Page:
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Tekkon Kinkreet / Black & White Paperback – September 25, 2007
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About the Author
Taiyo Matsumoto is the cult favorite artist of Black & White and NO. 5, both published by VIZ Media. With line work that mirrors his story lines in a combination of smooth and rough styles his work makes for a truly unique look and feel in manga.
Top customer reviews
The style is amazing, the writing is strong, the story is multidimensional.
One of these dimensions is the city - Treasure Town - which lives and breathes even if you remove main character from the book. All side characters have their purpose besides the main story. And protagonists themselves are just wonderfully well though. Black and White while being violent and cruel street rats are in fact very realistically portrayed and loveable children and in many ways remind me of my own childhood. Mister Matsumoto (author) mixes harsh reality with childish fantasies. The city is their playground. They call themselves Cats and they don't wag their tails for anybody, beating up anyone in their way, even yakuza members don't want to mess with them. But there's a new power that comes to town and tries it's best to change how everything in this city works.
The style of drawing in this book is an amazing mix of skillful art and childish vision of the world. Matsumoto disguises his extremely mature skill with sloppy childish lines and is being brilliant at it.
I say, everybody in the world must read this book at least two times.
I saw the movie first and then became curious over what had the original work looked like... so I decided to buy the manga!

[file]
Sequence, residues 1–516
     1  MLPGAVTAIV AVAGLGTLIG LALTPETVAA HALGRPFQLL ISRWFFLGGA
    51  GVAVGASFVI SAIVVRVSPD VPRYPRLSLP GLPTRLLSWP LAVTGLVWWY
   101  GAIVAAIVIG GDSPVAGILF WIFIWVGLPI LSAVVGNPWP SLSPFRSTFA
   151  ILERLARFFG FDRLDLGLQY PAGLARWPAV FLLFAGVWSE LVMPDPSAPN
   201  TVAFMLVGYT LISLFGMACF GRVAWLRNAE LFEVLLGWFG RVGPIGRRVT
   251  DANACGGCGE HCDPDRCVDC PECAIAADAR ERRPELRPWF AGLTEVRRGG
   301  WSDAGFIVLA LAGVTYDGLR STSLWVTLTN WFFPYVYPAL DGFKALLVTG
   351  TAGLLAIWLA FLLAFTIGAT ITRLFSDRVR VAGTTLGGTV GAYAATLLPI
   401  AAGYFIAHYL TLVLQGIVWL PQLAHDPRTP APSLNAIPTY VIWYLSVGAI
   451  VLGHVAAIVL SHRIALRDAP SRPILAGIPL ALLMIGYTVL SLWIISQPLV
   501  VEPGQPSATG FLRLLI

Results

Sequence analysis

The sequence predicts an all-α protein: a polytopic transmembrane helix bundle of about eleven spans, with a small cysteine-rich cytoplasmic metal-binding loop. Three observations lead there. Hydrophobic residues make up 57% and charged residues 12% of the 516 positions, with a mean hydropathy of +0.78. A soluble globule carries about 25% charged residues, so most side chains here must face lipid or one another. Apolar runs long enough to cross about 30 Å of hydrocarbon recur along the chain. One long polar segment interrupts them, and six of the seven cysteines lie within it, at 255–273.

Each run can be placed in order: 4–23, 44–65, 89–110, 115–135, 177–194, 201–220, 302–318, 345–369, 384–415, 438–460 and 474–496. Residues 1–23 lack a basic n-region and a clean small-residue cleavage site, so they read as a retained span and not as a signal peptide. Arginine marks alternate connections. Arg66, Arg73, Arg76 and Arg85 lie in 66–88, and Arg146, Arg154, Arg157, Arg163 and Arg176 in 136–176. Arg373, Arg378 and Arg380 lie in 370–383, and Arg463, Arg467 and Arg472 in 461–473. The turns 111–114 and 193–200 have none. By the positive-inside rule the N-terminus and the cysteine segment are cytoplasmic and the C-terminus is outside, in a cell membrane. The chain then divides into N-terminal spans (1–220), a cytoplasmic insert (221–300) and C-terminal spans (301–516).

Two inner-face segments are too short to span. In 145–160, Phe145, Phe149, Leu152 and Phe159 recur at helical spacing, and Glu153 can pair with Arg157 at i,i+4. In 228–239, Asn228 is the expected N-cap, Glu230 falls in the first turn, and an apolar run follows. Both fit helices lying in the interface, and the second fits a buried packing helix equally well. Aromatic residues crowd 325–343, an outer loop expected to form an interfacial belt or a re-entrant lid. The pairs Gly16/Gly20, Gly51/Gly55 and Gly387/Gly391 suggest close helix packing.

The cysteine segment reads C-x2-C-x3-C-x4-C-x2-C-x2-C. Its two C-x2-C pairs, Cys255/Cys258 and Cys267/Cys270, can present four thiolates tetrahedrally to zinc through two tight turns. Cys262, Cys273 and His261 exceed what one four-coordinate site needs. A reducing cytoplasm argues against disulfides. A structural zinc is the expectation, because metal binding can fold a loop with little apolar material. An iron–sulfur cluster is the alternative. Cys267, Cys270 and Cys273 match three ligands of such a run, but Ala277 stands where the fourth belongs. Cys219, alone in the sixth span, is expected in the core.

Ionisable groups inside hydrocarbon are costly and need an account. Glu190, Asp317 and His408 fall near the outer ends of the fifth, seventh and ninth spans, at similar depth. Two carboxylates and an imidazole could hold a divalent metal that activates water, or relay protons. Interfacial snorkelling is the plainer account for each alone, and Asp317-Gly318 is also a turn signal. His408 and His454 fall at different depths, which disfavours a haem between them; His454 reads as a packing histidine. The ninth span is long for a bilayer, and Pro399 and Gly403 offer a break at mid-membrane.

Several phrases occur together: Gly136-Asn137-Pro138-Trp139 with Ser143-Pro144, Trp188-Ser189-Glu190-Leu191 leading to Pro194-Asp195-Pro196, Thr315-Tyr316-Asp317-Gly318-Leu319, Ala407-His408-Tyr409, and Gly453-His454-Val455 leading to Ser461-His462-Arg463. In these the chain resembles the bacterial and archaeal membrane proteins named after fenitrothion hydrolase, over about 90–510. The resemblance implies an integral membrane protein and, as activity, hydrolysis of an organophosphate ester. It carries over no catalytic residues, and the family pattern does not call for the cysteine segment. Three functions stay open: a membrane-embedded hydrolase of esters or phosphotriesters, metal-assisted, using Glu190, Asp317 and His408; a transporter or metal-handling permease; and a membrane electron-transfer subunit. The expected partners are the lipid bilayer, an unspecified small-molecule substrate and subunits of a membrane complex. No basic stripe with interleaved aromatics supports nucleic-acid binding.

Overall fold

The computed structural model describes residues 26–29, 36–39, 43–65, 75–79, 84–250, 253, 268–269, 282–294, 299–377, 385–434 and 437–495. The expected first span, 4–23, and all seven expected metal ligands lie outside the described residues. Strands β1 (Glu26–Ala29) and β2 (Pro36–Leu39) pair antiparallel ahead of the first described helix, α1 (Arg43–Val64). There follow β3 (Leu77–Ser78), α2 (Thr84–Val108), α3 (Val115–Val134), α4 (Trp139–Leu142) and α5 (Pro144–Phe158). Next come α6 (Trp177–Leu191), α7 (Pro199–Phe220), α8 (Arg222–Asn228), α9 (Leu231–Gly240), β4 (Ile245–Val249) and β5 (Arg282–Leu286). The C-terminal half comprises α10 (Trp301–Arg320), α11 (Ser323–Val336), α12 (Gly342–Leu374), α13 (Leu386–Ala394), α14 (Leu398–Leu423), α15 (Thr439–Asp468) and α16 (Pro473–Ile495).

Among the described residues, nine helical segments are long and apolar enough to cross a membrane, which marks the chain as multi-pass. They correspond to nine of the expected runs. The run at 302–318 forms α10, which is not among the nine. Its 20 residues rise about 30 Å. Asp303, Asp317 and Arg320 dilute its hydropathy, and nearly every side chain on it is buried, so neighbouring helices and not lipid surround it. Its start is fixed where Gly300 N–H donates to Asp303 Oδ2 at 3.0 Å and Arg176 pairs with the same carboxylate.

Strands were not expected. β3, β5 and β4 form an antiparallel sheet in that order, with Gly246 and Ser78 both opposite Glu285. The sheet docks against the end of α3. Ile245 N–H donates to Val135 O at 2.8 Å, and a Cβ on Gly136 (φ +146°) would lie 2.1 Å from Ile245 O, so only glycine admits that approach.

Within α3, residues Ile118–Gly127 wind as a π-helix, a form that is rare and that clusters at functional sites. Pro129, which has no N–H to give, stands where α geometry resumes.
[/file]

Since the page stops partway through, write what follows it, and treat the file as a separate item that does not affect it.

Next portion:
If you've already seen the movie, you'll understand the dramatic undertones of the story.
The manga isn't as great as the movie in the area of suspense but it is nonetheless still a great place to turn to if you've missed anything in the movie. The manga clarifies the fuzzy parts of the movie that was either unclear or not as detailed as it should be.
The artwork in the manga is more detailed and dramatic than the movie. Same goes for the storyline. If you looked closely enough, you'll notice the subtle differences too. For example, Black/Kuro's scar over his eye is opposite to that in the movie. Same thing happened for White/Shiro's mole; it's on the other cheek than in the movie.
Every manga and anime lover should definitely read this!! Whether it's before or after watching the movie, you'll still find the same satisfaction either way.
The graphics rendered in black and white are a superb visual experience. A point of interest is that the figures are not your conventional manga style. The author has an unique - raw and very detailed - style.
The narrative is clear, easy to follow in the sense that reading flows very smoothly and the layout is not marred with panel dyslexia. The storyline is not as simple as it may seem as there are some very unexpected twists and turns. Rich and dense, violent at times, Black and White's story is one like no other. Think Ranxerox w/o the drugs, Tank Girl without the Sex, Tarantino, Twain...
Another review has accurately mentioned that this is not a bilingual edition. On occasion, some of the background lettering is Japanese, but all dialogues are in English.
Also recommended is the anime (with soundtrack by Plaid) which I saw after reading the book.